Percutaneous venepuncture practice in a large urban teaching hospital

Mark Little, T Hussein, M Lambert, SJ Dickson

Research output: Contribution to journalArticle

8 Citations (Scopus)


Occupational exposure to bloodborne pathogens remains an important and largely preventable issue in hospital practice. This article argues that formal training can increase use of best practice phlebotomy. A survey of at-risk healthcare workers at a central London hospital was conducted to identify factors associated with use of an evacuated blood collection system (BD Vacutainer and gloves while taking blood. Eighty per cent of doctors and 37% of non-doctors performing percutaneous venepuncture did not use the Vacutainer system exclusively. Doctors qualified less than three years were particularly likely to prefer needle and syringe. Venepuncture technique training significantly increased the probability of always using the Vacutainer system from 7% to 46%. The only factor independently associated with glove use was operator experience. There is considerable room for improvement in phlebotomy technique, particularly among junior doctors. The Modernising Medical Careers initiative provides a unique opportunity to implement this.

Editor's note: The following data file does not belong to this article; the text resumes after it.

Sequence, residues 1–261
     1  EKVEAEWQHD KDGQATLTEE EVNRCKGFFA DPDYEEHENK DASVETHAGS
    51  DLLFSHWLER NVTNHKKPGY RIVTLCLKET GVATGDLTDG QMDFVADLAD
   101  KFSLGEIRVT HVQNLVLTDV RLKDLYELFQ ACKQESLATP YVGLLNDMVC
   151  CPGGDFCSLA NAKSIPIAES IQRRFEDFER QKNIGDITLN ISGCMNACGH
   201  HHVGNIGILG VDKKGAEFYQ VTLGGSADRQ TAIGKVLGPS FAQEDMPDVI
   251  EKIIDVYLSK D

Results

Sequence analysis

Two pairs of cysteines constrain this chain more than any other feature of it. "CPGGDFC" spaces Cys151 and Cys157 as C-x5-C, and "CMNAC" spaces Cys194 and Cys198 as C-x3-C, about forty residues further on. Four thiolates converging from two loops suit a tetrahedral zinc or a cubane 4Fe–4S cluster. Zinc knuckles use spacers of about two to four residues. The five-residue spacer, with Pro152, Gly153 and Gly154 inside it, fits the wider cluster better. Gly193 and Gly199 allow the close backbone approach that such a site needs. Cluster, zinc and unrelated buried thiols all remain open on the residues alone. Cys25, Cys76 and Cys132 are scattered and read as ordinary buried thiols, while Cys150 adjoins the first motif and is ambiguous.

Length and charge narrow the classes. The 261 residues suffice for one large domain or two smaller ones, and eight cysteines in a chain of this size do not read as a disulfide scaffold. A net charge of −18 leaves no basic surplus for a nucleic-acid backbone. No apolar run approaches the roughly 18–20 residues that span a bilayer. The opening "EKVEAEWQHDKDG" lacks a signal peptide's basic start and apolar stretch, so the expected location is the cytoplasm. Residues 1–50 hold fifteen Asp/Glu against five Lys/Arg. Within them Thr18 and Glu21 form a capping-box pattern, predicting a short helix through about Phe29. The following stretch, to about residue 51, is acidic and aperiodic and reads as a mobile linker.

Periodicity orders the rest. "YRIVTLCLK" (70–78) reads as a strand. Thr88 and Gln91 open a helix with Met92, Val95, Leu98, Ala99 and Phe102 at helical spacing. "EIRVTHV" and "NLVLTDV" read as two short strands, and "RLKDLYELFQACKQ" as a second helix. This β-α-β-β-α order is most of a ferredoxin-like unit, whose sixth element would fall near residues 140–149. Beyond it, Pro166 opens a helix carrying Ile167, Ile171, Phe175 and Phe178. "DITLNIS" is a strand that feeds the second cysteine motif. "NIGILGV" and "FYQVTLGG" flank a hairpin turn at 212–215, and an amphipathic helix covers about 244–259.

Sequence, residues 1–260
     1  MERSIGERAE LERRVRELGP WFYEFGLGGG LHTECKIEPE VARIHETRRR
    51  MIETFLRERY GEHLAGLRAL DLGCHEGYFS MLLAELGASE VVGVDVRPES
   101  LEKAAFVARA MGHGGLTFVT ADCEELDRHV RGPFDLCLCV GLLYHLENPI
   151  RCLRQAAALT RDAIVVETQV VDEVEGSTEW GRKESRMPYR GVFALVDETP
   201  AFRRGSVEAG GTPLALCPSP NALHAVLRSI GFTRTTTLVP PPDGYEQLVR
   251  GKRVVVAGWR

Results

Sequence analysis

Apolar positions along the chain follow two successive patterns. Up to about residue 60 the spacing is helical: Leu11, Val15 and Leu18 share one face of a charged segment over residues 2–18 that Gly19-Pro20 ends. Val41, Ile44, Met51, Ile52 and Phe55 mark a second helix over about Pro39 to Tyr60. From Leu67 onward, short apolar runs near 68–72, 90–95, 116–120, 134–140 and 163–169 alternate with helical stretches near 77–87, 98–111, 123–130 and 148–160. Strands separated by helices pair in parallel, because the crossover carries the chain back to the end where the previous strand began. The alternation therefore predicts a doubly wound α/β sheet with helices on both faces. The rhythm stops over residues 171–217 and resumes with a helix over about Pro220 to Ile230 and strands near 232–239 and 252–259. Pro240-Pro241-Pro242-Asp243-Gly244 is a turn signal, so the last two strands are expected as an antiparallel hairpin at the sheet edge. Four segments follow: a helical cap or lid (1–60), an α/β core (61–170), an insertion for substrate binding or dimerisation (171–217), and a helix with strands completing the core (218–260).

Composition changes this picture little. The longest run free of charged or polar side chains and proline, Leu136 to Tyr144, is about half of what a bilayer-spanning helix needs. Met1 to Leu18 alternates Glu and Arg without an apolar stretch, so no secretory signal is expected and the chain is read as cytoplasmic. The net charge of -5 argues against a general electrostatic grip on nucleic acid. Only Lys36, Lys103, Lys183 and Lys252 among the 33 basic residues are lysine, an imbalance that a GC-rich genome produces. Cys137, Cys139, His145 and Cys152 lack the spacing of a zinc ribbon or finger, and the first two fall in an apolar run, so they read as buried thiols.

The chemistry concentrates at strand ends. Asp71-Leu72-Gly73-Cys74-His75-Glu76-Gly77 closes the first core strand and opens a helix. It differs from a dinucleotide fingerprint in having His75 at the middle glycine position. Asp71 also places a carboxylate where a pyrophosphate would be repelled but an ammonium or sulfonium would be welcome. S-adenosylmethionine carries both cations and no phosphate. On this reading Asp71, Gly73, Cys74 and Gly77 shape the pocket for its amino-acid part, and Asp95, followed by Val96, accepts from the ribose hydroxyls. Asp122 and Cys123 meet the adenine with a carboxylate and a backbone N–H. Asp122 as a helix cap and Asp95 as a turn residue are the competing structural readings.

Original languageEnglish
Pages (from-to)243-249
Number of pages7
JournalClinical Medicine
Issue number3
Publication statusPublished - 1 Jun 2007


  • training
  • phlebotomy
  • Vacutainer
  • venepuncture
  • post-exposure prophylaxis
  • occupational health


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